Google recently made changes to their search algorithm. These changes will favour mobile-friendly websites when searched on a mobile device.

What’s the difference between mobile and responsive website design?

Mobile websites

A mobile website is a different version of a website that is loaded when a user visits on a smartphone or tablet. Designed to be user-friendly on small screens, they commonly show less information and content, being easier to navigate through larger buttons, etc.

Designers create a desktop version of a website, then design another for mobile-only use. Typically, there is an option to view the desktop version of the site offered on the mobile site.

A ‘script’ is added to the website that recognizes what device the user is visiting the website from (typically based on screen width) and will display the mobile version if the user is viewing on a smartphone. When a user shares this version to a social media site, it will share the mobile version. Often these sites use a subdomain of m. in their URL.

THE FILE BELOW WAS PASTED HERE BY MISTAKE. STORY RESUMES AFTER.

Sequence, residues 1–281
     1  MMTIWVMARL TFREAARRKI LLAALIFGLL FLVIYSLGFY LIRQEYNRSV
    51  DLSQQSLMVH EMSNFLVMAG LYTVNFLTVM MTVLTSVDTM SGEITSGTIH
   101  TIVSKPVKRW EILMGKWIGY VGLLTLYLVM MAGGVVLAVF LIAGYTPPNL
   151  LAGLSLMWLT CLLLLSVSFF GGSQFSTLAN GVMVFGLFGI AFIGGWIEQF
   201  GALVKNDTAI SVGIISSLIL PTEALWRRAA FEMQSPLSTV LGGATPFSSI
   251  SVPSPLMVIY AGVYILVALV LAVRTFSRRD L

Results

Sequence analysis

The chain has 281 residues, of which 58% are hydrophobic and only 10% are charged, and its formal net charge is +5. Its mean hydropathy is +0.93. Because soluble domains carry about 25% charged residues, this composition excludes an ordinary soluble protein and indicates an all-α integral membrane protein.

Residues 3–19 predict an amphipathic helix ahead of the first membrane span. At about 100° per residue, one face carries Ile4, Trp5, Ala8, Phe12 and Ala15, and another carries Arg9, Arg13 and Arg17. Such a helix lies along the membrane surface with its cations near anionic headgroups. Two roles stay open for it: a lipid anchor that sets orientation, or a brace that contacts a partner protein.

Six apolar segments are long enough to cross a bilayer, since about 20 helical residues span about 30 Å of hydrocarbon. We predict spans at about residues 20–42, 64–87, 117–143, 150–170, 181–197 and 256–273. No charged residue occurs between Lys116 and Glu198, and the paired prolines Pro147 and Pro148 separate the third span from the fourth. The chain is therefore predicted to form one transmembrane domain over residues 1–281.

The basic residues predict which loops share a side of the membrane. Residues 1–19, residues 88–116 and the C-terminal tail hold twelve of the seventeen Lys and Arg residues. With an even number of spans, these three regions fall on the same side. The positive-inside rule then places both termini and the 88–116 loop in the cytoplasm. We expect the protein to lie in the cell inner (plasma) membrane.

Responsive websites

Responsive websites are designed around the notion that the content of the website should be viewable on all screen sizes. They adapt beautifully to devices that have portrait and landscape modes. In short, responsive websites are designed to ‘respond’ to the user’s device of choice and are only constructed once.

Essentially, Google’s search algorithm doesn’t care what type of mobile website you have. Whether it’s responsive or mobile web design, it’s all the same to them. User experience and web design professionals will agree, though, that responsive websites are the future of web design — screen sizes vary and are changing all the time, and it only makes sense to design one website that works on all platforms, rather than create multiple versions of the same site.